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VivaCards: reshaping preparation

09 Mar 2014 - No Comments

Over ten years ago, after four hard years of slog, I sat my own PhD viva. If I’m completely honest I didn’t really know how to prepare for my viva, and there wasn’t a lot of support available (this was the days before social media or online discussion forums). In the absence of any better ideas, I just recovered and relaxed for the first couple months and then set about re-reading my thesis and annotating it, covering it with stickers and post its. On the day I found the viva to be a much more positive experience than I’d imagined, however it was unbelievably stressful entering a room without being confident I had done the right preparation. I wrote about that experience in more detail on my personal blog two years ago – it’s a little rude to sociologists but otherwise explains my viva in more detail.

Having had such a frustrating experience in my viva, I made it my business to try and support other friends and colleagues as they prepared for theirs. When you’ve spent three or four, and in some cases many more, years working on a PhD you don’t really want your final memory to be of being unprepared! A couple of years ago I produced a first set of written prompts, on record cards, to help a friend prepare for his MPhil Viva. Since then I’ve made several sets of cards for people, all of which have been received with great enthusiasm. I also heard that people were lending their sets to their friends as their viva approached, and one of these people, Lucy, suggested that I publish them.

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Last year I read another friend’s PhD as she was preparing the final draft and shared the usual questions with @CuriousC as she was preparing for her viva. She suggested that they’d be really useful, and why not get a couple sets printed on business cards. So that’s what we did. With help from an awesome designer friend VivaCards were born.

There are 44 cards in the box, one introducing the categorisation and the others falling into one of the four categories. The categories are roughly parallel to what you’re likely to have written about in your thesis, and the type of questioning offered by most examiners. They are:

  1. Introduction and context
  2. Methods, design and analysis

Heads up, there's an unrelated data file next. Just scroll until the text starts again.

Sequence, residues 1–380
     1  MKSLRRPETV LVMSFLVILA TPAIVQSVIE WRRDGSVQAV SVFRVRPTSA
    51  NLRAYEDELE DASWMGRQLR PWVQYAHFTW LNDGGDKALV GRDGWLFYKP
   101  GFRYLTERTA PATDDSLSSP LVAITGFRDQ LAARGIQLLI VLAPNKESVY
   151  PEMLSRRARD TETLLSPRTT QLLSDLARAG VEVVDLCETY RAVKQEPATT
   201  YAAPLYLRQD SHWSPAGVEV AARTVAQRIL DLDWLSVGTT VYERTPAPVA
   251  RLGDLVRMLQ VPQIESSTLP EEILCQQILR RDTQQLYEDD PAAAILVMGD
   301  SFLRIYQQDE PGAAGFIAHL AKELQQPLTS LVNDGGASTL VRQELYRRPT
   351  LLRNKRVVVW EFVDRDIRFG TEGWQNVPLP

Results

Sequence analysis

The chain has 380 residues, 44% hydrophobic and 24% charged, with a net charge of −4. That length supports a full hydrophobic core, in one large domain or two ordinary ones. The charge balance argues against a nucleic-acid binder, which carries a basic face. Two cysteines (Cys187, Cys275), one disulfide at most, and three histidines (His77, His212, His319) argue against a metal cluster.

3. Results and discussion
  4. Implications and utilisation

They are printed on high quality, matte card with rounded corners and a laminate coating to ensure they stand up to rigorous use in the run up to your viva. Business card size, with their own sturdy box to keep them all together, they are ideal for throwing in your bag and carrying with you, so you can grab the opportunity to flick through them when your train is at a standstill, or the bus is stuck in traffic, or your mate is late to the pub.

The laminate coating means that they and robust and forgiving too. Pin them to your noticeboard, tape them to your monitor, blu tack them to the wall, use them as bookmarks, coffee coasters, whatever works for you. These bright and cheerful, yet core questions, are guaranteed to get your mind focused when you need it to.

Cards

We launched the VivaCards website about six weeks ago and the response has been much better than I would have hoped for. Word is spreading, orders are coming in and most importantly the feedback has been really positive. Currently on an introductory offer of £25 including free UK postage and packing, you can get your VivaCards here. Last week I was talking to someone on the VivaCards twitter account, and she said something that echoed what one of the early adopters of the hand written version said. She spoke about reshaping her preparation and changing her thinking about her viva, if the cards help with that, boost people’s confidence and enable people to have a positive viva experience then I think it’s a job well done!

 

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